The third place is a term used in the concept of community building to refer to social surroundings which are separate from the two normal social environments of our homes (first place) and the workplace (second place). In his influential book The Great Good Place, Ray Oldenburg (1989, 1991) argues that third places are important for civil society, democracy, civic engagement, and establishing feelings of a sense of place. Oldenburg calls one’s “first place” the home and those that one lives with. The “second place” is the workplace — where people may actually spend most of their time.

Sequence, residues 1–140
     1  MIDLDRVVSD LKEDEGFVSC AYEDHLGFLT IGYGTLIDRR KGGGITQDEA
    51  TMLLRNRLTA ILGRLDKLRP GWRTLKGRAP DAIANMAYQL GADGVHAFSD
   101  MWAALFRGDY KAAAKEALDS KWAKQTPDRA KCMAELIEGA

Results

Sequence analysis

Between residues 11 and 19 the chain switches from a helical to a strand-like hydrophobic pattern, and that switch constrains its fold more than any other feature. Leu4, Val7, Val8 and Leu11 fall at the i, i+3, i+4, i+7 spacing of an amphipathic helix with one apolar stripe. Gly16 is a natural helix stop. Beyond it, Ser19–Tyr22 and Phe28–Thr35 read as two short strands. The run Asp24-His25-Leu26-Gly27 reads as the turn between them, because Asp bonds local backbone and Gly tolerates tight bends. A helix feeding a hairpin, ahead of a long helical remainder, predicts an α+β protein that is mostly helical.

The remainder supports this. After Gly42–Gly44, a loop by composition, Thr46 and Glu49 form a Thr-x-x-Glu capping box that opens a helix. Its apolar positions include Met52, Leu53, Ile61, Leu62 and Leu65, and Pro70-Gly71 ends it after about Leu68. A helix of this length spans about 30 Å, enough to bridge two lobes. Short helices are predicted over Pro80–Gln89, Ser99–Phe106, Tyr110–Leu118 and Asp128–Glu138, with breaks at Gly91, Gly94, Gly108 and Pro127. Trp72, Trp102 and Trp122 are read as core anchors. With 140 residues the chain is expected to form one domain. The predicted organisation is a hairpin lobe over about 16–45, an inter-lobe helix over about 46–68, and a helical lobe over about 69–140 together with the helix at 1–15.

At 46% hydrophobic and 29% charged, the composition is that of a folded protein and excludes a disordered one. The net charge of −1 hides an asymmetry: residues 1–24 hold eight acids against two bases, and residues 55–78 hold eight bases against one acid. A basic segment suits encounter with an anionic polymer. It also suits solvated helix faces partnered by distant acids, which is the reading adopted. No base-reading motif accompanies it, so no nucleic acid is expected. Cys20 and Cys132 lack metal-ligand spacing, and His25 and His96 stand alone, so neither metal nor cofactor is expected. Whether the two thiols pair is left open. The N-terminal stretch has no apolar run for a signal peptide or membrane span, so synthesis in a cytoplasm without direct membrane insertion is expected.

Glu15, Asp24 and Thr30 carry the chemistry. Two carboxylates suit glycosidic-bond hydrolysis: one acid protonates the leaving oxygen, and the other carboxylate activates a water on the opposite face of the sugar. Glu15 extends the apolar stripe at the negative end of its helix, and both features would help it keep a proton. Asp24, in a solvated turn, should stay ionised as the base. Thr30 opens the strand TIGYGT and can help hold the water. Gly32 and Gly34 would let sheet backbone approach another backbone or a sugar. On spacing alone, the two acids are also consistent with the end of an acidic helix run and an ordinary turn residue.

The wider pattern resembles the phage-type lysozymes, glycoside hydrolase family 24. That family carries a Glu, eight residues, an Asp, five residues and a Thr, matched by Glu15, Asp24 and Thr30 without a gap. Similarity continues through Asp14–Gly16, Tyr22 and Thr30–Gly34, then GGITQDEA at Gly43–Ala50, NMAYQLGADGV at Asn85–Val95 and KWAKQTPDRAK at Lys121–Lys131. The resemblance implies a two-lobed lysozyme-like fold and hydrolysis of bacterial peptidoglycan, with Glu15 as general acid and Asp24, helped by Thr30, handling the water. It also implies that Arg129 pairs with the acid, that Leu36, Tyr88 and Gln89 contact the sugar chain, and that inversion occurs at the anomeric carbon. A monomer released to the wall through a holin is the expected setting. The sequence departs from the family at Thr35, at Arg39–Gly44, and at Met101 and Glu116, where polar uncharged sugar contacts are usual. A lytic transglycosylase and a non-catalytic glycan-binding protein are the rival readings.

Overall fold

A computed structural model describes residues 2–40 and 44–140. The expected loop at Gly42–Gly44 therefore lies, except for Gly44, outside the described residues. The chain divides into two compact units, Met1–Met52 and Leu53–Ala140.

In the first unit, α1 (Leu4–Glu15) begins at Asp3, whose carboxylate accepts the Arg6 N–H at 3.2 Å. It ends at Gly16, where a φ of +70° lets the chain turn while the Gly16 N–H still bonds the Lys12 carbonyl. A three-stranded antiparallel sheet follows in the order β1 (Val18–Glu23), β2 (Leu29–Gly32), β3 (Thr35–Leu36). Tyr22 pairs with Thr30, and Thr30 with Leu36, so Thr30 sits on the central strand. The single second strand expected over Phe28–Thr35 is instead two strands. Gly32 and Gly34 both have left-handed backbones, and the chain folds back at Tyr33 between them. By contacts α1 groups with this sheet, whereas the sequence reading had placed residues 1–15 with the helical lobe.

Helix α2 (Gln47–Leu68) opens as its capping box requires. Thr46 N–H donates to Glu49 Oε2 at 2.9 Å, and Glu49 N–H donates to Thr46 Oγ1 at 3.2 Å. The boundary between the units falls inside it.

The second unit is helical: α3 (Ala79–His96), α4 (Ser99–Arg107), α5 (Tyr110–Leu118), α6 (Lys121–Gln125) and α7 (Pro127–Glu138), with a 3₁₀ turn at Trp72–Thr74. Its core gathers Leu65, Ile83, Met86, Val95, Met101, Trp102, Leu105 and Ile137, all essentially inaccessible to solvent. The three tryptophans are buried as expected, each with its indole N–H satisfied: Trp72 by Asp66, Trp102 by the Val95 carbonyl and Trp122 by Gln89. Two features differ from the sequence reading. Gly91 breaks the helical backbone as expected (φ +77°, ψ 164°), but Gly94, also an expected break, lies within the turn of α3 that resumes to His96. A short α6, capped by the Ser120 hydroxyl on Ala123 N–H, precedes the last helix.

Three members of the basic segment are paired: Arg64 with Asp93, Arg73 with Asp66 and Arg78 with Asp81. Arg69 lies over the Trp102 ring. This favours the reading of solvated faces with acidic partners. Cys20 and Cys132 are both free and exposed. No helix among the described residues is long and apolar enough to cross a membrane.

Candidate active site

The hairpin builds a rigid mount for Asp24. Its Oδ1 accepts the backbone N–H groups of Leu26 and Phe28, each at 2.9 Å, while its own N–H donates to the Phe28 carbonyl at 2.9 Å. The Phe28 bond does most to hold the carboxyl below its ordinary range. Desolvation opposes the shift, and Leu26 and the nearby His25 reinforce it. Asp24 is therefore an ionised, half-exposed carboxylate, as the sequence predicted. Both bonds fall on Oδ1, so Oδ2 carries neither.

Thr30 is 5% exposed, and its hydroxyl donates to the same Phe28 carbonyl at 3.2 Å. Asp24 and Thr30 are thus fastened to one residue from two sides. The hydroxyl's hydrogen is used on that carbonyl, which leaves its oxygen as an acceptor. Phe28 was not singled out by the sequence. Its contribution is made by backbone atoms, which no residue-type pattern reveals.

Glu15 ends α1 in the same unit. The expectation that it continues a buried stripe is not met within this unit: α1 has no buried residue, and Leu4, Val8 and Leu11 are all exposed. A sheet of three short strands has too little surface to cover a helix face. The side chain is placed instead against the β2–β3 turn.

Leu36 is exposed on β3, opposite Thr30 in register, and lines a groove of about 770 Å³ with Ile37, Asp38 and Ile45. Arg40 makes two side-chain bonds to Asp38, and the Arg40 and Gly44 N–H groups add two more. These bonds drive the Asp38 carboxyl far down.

Third places, then, are “anchors” of community life and facilitate and foster broader, more creative interaction. All societies already have informal meeting places; what is new in modern times is the intentionality of seeking them out as vital to current societal needs. Oldenburg suggests that the three hallmarks of a true “third place” are that they are free or inexpensive; provide food and drink (while not essential, quite important); and that they are highly accessible.
As more and more people choose to telecommute and work from home, third places become even more important as the bridge between the old world and the new world.
If Res Locus is about championing and rediscovering “things of place or locality”, then the nurturing of our third places becomes central to this new philosophy for 21st century living and the reemergence of our “communities of place” from the industrial and call-centre/office factories of yesterday.